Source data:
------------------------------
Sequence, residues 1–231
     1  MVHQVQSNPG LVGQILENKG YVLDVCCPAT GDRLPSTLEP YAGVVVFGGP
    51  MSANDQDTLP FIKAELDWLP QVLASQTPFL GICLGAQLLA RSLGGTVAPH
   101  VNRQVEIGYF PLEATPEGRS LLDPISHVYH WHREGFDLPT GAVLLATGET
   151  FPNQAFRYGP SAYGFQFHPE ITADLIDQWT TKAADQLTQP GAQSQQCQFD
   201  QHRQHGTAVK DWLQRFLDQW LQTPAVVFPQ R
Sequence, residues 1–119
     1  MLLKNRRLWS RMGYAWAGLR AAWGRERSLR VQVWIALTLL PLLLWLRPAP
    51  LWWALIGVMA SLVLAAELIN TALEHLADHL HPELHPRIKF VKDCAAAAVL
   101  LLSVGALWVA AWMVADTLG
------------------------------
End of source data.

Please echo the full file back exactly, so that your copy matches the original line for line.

Sequence, residues 1–231
     1  MVHQVQSNPG LVGQILENKG YVLDVCCPAT GDRLPSTLEP YAGVVVFGGP
    51  MSANDQDTLP FIKAELDWLP QVLASQTPFL GICLGAQLLA RSLGGTVAPH
   101  VNRQVEIGYF PLEATPEGRS LLDPISHVYH WHREGFDLPT GAVLLATGET
   151  FPNQAFRYGP SAYGFQFHPE ITADLIDQWT TKAADQLTQP GAQSQQCQFD
   201  QHRQHGTAVK DWLQRFLDQW LQTPAVVFPQ R
Sequence, residues 1–119
     1  MLLKNRRLWS RMGYAWAGLR AAWGRERSLR VQVWIALTLL PLLLWLRPAP
    51  LWWALIGVMA SLVLAAELIN TALEHLADHL HPELHPRIKF VKDCAAAAVL
   101  LLSVGALWVA AWMVADTLG